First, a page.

By Kasy Long
May 30, 2023
English Professor at Indiana State University
Associate Professor of English Katherine Lee, PhD, loves to discuss contemporary American literature, popular culture, women’s literature, minoritized literature, and gender studies. Having recently served as interim chairperson of the Department of Multidisciplinary Studies, she wants students to explore their options and pursue a degree aligned with their interests.
Along the way, she engages her students’ opinions and provides cultural and historical contexts they can relate to in today’s society.
Explain your journey to Indiana State. What brought you to Indiana State?
I started my career at Bridgewater State University in Massachusetts, and while I very much liked the students and my colleagues, my husband and I wanted to live closer to our families —he’s from Michigan and I’m from Kentucky — and, if possible, work at a slightly larger institution. Luckily, after about a year-and-a-half at Bridgewater State, I got the job at Indiana State in 2004, and I have been here ever since.
What classes do you teach?
My specialties are in 20th-century and contemporary American literature and popular culture, particularly women’s literature and minoritized literatures, and in gender studies. I teach Multicultural American Literature (ENG 340), the undergraduate and graduate seminars on American Literature (ENG 447/547 and ENG 649), Women’s Literature (ENG 339), Literature and the Human Experience (ENG 239), Honors Freshman Composition (ENG 108), and on occasion, Gender and Theory (GNDR 400). I’m lucky in that I get to teach a whole spectrum of works, including film (in ENG 239), and it’s exciting to see the variations in students’ reactions to these works from semester to semester.
Describe your teaching methods. How would you describe your classroom environment?
The professors that I most responded to as a student looked closely at the assigned literature and focused on teaching us how to really read as opposed to skimming something for its plot, and how to appreciate the many ways authors use language: to create images that were sometimes beautiful and sometimes horrifying, to elicit emotional responses, to educate about certain moments in history, to make us reflect on our thoughts and actions, and so on. As a result, I try to do much the same in my own classes. I offer lectures on elements such as cultural and historical context or, in upper-division courses, theoretical approaches to a work, but ideally, I like to converse with students. I already know what I think about the readings, so I want to hear what they have to say.
Describe the Department of English. What are the unique qualities of the English program for Sycamores?
Indiana State’s Department of English offers students a chance to learn how to express themselves for a variety of audiences and in a variety of contexts, how to interpret, and how to ask incisive questions rather than accept information passively. These skills appeal to employers in a range of fields, and I know fellow English majors who have gone on to become lawyers, writers for tech-based and financial firms, editors, museum and folklore archivists, authors who publish everything from comic books to romance novels, podcast interviewers, social activists, and, of course, fellow teachers, both in K-12 and higher education.
Describe the Department of Multidisciplinary Studies. What are the unique qualities of the department for Sycamores?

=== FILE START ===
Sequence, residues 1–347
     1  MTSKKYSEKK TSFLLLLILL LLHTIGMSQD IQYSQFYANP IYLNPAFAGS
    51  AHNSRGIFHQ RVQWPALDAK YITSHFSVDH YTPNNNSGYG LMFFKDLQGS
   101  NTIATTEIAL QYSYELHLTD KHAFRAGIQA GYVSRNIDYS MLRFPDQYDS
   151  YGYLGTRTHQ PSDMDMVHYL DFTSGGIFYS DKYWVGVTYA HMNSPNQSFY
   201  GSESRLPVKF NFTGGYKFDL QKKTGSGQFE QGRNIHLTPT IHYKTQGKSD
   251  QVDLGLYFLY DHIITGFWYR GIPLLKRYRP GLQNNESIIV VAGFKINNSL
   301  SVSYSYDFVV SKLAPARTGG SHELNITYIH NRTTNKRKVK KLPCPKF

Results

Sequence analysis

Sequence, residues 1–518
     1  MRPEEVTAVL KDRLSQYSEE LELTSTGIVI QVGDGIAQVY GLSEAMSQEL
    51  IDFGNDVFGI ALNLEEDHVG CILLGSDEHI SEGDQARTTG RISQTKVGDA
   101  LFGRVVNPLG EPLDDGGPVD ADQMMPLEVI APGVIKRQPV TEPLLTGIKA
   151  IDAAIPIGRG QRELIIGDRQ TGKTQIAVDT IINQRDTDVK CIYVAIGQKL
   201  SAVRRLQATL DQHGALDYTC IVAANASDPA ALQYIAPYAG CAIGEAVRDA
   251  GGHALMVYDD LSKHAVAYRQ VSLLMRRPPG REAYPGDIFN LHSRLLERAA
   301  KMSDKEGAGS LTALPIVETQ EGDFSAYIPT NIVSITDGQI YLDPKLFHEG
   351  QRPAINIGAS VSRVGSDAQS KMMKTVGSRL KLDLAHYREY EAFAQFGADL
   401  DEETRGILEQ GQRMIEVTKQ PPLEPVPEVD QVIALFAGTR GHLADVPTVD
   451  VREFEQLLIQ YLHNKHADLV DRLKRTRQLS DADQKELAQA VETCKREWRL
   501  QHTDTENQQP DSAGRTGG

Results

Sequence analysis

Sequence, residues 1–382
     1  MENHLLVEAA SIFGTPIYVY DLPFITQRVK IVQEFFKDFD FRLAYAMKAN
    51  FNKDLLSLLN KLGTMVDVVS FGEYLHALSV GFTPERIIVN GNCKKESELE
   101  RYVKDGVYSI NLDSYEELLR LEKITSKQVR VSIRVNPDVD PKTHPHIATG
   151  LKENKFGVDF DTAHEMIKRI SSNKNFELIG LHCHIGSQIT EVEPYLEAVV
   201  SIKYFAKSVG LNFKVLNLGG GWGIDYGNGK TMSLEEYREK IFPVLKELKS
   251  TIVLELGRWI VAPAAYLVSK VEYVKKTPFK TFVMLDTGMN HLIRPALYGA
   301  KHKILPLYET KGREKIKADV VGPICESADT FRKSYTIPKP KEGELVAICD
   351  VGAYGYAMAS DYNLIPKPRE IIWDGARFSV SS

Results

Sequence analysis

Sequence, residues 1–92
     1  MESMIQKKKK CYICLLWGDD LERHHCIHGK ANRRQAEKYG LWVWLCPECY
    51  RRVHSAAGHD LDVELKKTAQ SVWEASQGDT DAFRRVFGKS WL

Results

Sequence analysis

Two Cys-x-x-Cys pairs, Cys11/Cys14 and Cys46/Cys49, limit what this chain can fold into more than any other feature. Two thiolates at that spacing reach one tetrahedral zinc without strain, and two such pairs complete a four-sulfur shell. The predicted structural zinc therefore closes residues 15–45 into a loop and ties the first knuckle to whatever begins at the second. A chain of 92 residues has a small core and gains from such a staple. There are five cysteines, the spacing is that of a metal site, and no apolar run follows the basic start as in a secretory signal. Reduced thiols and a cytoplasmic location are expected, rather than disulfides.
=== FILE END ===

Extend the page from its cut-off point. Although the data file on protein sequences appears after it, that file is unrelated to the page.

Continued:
The Department of Multidisciplinary Studies [MST] allows students to design their own majors and minors, which truly is unique at Indiana State. Through MST, students can explore what interests them, and we have students who have designed degree plans in areas that range from public health to popular culture. MST also offers degrees in more traditional areas of study — Gender Studies, International Studies, Philosophy, and Sociology & Social Justice — all of which are extremely relevant in today’s society and for today’s employers, as reflected by our alumni, who work in areas like banking, government, non-profit organizations, the law, and education. I have been Interim Chair for three years (and am stepping down at the end of this month), and I will miss working so closely with the MST faculty.
What does Asian American Pacific Islander Heritage Month mean to you? Explain your heritage. What does your heritage and culture mean to you?
I’m Korean-American, which means that I’m proud of my Korean heritage and am also thoroughly American. I grew up in Frankfort, Kentucky, where there were virtually no other Asian people (at least not back then), and I encountered a fair share of ignorance and anti-Asian sentiment growing up, so I think it’s great that there’s a month dedicated to highlighting AAPI histories and cultures. But I’m also attuned to the fact that its very existence speaks to the fact that we continue to be misrepresented, misunderstood, and stereotyped. It’s still sometimes strange to encounter someone who automatically views me as a foreigner, when we likely have much more in common than not, unless they’re a fan of Duke basketball or something horrible like that.
What do you think prospective students should know about Indiana State?
Indiana State provides students with the personal attention they would typically receive at much smaller institutions and the diverse range of majors and disciplines that larger schools offer. Both my undergraduate and graduate schools were very big, and in many of my classes, especially at the undergraduate level, I was little more than a number: the professors never learned my name (how could they, when a class had 400 students?), and I didn’t really have access to them. When I had questions about going to graduate school, I had to seek out professors and hope they would answer my questions: some did, and some didn’t. Students at Indiana State won’t experience that same sense of invisibility.